Perlmutter gets even closer to Gundry.
Perlmutter wrote his foundational book “Grain Brain” in 2013, and “Brain Maker” in 2015. Perlmutter’s books get incrementally closer to Gundry’s “The Plant Paradox” published in 2017.
Within “Grain Brain” Perlmutter advanced that our diet based on grains and carbs is unfit for our DNA that has not changed since the Paleolithic era. While few people have celiac disease as they can’t digest gluten, Perlmutter advances that many of us are gluten sensitive. And, gluten sensitivity associated with a diet high in grains and carbs triggers the production of cytokines that cause inflammation and attack the brain. High cytokines levels are seen in patients with Alzheimer’s, Parkinson, MS, and autism. He views gluten sensitivity as having severe neurological implication in addition to gastrointestinal ones.
Within “Brain Maker” Perlmutter explains the mechanism whereby gluten sensitivity triggers the production of cytokines and inflammation. It has to do with the microbiome. A diet high in grains and carbs impairs the balance of bacteria within our microbiome (feeding the bacteria that are not good for us that can impair our metabolism and make us fat, the Firmicutes; meanwhile starving the good bacteria that assists our metabolism: the Bacteroidetes). This microbiome imbalance (an F/B ratio that gets out of whack in favor of the Firmicutes) causes gut permeability (the “leaky gut” syndrome). This will facilitate the crossing of toxins across our intestine wall, cause chronic inflammation, trigger unhealthy autoimmune response, and be at the essence of gastro-intestinal, and neurological diseases (including dementia, depression, Alzheimer’s, and Parkinson). Additionally, our immune system controls inflammation. But, our microbiome regulates the immune response. So, there are interesting physiological feedback loops with inflammation as an endpoint.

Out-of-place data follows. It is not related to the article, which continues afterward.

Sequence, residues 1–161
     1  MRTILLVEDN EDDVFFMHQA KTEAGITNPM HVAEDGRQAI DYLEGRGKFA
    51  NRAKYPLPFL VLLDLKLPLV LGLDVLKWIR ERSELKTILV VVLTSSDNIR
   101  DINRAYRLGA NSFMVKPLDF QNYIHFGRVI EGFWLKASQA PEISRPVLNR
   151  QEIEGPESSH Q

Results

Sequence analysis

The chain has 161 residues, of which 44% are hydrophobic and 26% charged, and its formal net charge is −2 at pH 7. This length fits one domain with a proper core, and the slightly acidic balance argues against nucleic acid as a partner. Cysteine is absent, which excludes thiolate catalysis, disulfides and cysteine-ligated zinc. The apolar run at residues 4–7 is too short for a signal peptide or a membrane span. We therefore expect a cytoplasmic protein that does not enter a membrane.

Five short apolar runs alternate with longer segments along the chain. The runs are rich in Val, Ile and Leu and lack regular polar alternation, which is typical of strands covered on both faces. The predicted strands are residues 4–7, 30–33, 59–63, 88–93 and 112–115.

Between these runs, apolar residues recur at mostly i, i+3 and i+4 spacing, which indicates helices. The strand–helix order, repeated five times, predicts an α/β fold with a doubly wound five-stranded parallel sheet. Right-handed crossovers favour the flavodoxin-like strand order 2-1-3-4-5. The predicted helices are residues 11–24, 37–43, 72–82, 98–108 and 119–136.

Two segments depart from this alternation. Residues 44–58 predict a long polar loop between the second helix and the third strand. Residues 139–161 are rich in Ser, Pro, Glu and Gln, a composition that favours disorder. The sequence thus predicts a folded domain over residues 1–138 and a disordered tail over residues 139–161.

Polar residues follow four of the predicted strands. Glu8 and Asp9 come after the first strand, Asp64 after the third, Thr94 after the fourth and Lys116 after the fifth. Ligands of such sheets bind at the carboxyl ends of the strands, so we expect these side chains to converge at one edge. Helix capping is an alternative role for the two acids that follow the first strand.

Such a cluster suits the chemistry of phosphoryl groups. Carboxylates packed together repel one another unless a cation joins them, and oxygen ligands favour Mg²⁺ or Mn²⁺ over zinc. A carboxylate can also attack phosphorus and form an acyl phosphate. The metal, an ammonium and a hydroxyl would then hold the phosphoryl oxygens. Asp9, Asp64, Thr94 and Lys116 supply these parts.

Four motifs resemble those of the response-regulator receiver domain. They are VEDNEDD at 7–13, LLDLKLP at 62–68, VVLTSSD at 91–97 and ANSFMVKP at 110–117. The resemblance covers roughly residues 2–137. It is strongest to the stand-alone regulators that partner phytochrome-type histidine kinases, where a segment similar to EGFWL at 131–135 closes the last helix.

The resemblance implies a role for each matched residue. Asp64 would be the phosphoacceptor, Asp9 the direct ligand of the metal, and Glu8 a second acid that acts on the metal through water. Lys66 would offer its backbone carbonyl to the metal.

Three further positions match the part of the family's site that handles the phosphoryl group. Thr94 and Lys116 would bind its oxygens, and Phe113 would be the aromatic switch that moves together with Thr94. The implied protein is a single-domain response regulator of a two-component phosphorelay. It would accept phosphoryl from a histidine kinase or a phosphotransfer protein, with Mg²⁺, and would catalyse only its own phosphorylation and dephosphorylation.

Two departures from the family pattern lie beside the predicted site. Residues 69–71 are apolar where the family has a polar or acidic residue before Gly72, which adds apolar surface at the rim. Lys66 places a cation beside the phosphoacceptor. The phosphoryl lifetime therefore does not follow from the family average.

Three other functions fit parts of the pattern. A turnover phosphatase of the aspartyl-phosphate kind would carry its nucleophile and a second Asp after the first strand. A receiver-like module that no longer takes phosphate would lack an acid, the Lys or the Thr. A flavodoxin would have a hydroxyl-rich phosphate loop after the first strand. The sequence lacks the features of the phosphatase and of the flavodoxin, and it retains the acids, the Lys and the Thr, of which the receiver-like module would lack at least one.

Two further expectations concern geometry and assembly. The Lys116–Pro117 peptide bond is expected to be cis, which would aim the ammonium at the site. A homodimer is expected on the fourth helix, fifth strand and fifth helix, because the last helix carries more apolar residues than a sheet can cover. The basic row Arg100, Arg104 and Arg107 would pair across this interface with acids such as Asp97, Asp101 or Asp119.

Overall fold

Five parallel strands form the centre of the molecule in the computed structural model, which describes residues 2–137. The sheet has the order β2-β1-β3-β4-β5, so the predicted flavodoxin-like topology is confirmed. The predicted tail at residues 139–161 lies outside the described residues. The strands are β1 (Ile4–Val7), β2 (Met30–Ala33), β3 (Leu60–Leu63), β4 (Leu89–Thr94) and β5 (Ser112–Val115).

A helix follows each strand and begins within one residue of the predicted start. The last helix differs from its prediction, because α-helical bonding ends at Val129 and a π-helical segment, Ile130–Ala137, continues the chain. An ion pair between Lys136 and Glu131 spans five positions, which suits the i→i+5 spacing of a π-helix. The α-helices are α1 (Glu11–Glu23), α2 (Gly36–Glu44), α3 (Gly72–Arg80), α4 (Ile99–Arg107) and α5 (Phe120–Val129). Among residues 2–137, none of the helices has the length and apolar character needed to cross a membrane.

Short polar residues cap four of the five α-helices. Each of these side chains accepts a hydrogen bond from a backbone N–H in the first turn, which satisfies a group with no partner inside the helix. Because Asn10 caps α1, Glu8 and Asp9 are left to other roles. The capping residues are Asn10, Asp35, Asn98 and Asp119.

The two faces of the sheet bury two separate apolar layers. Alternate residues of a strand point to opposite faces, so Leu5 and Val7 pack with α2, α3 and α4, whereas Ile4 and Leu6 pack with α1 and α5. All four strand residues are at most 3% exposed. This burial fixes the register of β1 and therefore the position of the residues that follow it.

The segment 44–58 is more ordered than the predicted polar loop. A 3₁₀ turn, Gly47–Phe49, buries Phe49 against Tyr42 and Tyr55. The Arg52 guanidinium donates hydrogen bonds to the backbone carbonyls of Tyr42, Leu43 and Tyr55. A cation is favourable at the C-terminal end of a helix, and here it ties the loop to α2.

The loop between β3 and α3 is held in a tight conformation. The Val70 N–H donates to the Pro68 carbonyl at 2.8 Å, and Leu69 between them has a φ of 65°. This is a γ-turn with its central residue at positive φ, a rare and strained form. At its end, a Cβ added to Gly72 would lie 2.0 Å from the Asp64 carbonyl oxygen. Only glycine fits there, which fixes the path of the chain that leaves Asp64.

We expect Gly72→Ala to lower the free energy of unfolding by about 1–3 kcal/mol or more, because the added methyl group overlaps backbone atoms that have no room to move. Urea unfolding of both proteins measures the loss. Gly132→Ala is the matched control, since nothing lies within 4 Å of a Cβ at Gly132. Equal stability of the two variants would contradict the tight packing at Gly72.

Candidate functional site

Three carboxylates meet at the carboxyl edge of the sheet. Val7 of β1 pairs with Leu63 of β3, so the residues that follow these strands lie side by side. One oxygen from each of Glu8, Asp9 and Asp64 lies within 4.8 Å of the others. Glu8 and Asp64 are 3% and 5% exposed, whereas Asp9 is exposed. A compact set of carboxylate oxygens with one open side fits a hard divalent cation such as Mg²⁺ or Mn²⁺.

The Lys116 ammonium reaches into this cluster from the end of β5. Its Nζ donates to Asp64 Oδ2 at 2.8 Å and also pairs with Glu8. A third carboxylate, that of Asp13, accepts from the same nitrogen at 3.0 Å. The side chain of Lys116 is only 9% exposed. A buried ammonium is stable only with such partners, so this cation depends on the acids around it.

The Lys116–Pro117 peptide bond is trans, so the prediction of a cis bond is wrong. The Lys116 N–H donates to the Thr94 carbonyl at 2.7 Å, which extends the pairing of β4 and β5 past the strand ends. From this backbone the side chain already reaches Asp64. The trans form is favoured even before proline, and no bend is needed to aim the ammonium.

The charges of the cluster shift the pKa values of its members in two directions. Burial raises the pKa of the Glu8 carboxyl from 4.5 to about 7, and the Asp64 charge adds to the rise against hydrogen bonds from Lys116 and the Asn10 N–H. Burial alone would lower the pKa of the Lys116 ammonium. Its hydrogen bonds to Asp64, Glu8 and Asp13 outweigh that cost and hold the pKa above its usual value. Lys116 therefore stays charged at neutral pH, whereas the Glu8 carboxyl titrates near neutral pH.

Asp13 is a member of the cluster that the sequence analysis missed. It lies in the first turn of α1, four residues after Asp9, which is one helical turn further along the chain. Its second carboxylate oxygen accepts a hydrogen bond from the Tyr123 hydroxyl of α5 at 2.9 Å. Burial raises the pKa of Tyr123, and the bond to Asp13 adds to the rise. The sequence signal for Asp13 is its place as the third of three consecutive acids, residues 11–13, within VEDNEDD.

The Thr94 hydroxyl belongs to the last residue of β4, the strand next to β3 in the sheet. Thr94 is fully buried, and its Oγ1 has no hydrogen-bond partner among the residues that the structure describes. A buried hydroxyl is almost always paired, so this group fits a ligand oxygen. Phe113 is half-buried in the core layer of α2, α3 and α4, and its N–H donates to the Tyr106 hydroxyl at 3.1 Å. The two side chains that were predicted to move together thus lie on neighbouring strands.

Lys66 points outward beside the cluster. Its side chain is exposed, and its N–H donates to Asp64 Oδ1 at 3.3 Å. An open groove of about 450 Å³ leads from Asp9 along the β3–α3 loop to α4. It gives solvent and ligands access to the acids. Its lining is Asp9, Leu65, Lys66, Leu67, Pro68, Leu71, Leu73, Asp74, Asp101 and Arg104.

The above paragraph detailing Perlmutter’s explanation of the role of the microbiome is also right out of Gundry’s “The Plant Paradox.” Both authors agree 100% on this count. Actually, the “leaky gut” is Gundry’s core concept just like “gluten sensitivity” was Perlmutter’s core concept in “Grain Brain” and the “microbiome” is his core concept in “Brain Maker.” The microbiome health status explains underlying causes of gluten sensitivity and leaky gut syndrome. Such health issues are at the essence of gastrointestinal, autoimmune, and neurological diseases.
When both authors address what impairs the microbiome, the parallels between the two are uncanny. Gundry mentions the “7 deadly disruptors” that include:
1) Excessive prevalence of antibiotics (in medicine, cosmetics, agriculture) that decimate our microbiome;
2) NSAIDs that do not harm the stomach, but attack the small intestine, and cause leaky gut;
3) Stomach-acid blockers that reduce stomach acids and allow bad bacteria to thrive;
4) Artificial sweeteners that kill good bacteria and nourish bad ones.
5) Genetically modified foods and herbicides (RoundUp) that trigger the ingestion of glyphosate linked to cancer, kidney and liver failure, and other chronic illnesses.
Meanwhile, Perlmutter in his chapter “Bust a Gut” mentions 3 out of the 5 factors above (antibiotics, NSAIDs, GMO foods). And, elsewhere Perlmutter expands on the ills of artificial sweeteners.
Both authors recommendations on maintaining the microbiome also converge. Gundry recommends a low-carb (low sugar), no grain, high fat diet with fats derived mainly from plants including vegetables, and nuts. Perlmutter recommends the same diet with a focus on prebiotic and probiotic nutrients (Gundry also likes those).
The only material difference between Perlmutter’s “Brain Maker” and Gundry’s “Plant Paradox” is the latter’s concept of lectins that narrows down the choice of plant-foods you can eat. Otherwise, both authors are on the same page.
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